He saw no further service in the Revolution, and returned to his profession, tie declined the appointment of United States district judge in 1789, became governor in that year, was a member of the legislature in 1791, and drew up the act to establish tile South Carolina court of equity. He was appointed by Washington United States minister to Great Britain in 1792, and on the expiration of his term in 1794 was sent on a mission to Spain, where he arranged the treaty of St. Ildefonso that secured to the United States the free navigation of Mississippi river. He returned to Charleston in 1796, was the Federalist candidate in that year for the vice-presidency, and served in congress in 1799-1801. At the beginning of the war of 1812 he was appointed by President Madison major-general, with the charge of the 6th military district, and participated in the battle of Horseshoe Bend, in which the Creek Indians were finally defeated. He then retired to private life, and did much to encourage the development of the agricultural and mineral resources of the state. He succeeded his brother as 4th president-general of the Cincinnati.

Charles Pinckney, statesman, born in Charleston, South Carolina, in 1758; died there, 29 October, 1824, was the grandson of William, Charles Cotesworth's uncle. His father, Charles, was president of the South Carolina convention in 1775, of the senate in 1779, and of the council in 1782. The son was educated for the bar, and before he was of age was chosen to the provincial legislature. He was taken prisoner at the capture of Charleston, and remained such until the close of the war, when he resumed his profession. He was elected to the Provincial congress in 1785, and subsequently took an active part in preparing a plan of government for the United States.

In 1787 he was a delegate to the convention that framed the constitution of the United States, and offered a draft of a constitution, which was referred to the committee of detail, submitted, and some of its revisions were finally adopted. In 1788 he advocated the ratification of the constitution in the South Carolina convention. He was elected governor the next year, presided over the state convention by which the constitution of South Carolina was adopted in 1790, was re-elected governor in 1791, and again in 1796, and in 1798 was chosen to the United States senate as a Republican. He was a frequent and able speaker in that body, and one of the most active promoters of Thomas Jefferson's election to the presidency.

In 1802-'3 he was United States minister to Spain, and during his residence in that country he negotiated a release from the Spanish government of all right. or title to the territory that was purchased by the United States from France. He became governor for the fourth time in 1806, and in 1812 strongly advocated the war with England. He was a member of congress in 1819-'21, and opposed the Missouri compromise bill, earnestly warning the south of the effects of the measure. This was his last public service. Mr. Pinckney was the founder of the old Republican party of South Carolina. He possessed liberal views on all subjects, advocated the abolition of the primogeniture laws, was the principal agent in the removal of the civil and political disabilities that had been imposed on Jews in South Carolina, and was the first governor of the state that advocated the establishment of free schools. He was an able political writer, and issued a series of addresses to the people under the signature of " Republican " (Charleston, 1800) that were instrumental in the election of Jefferson. He also published in the same year several papers in denunciation of the alien and sedition laws that were enacted during the administration of the elder Adams. Princeton gave him the degree of LL. D. in 1787.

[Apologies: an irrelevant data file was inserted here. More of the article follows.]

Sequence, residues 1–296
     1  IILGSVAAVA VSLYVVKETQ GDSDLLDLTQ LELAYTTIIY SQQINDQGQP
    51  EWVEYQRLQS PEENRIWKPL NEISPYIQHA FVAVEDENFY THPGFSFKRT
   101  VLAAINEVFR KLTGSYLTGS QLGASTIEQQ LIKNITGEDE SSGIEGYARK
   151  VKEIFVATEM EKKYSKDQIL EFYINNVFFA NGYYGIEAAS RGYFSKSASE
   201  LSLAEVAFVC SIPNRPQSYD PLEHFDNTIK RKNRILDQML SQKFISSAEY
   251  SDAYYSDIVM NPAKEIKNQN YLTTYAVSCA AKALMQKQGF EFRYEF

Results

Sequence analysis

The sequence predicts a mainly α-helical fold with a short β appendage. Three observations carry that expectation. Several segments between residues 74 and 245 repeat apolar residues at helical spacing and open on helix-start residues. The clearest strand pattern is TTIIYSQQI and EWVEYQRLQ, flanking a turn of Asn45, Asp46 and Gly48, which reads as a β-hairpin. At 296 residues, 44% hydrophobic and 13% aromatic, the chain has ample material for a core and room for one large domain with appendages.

Charles's son, Henry Laurens Pinckney, congressman, born in Charleston, South Carolina, 24 September, 1794 ; died there, 3 February, 1863, was graduated at the College of South Carolina in 1812, studied law in the Office of his brother-in-law, Robert Y. Hayne, and was admitted to the bar, but never practised. He served in the legislature in 1816-';12, and was chairman of its committee of ways and means for eight years. He was three times intendant, and three times mayor of Charleston, and in 1831-'7 was a member of congress, having been elected as a Democrat. During the administration of President Van Buren he was collector of the port of Charleston. In 1845-'63 he was tax-collector of the parishes of St. Philip and St. Michael. Mr. Pinckney was a constant and laborious writer and worker during his public life. He founded the Charleston " Mercury," the organ of the State-rights party, in 1819, was its sole editor for fifteen years, and published many orations and addresses. He also wrote memoirs of Jonathan Maxcy, Robert Y. Hayne, and Andrew Jackson.--Thomas's grandson, Charles Cotesworth, clergyman, born in Charleston, South Carolina, 31 July, 1812, was graduated at the College of South Carolina in 1831, studied at Alexandria theological seminary, Virginia, and was ordained to the ministry of the Protestant Episcopal church. He has since held charges in South Carolina, is a popular divine, active in benevolent and educational enterprises, and president of the board of trustees of the College of South Carolina. He received the degree of D. D. from the College of Charleston, in 1870.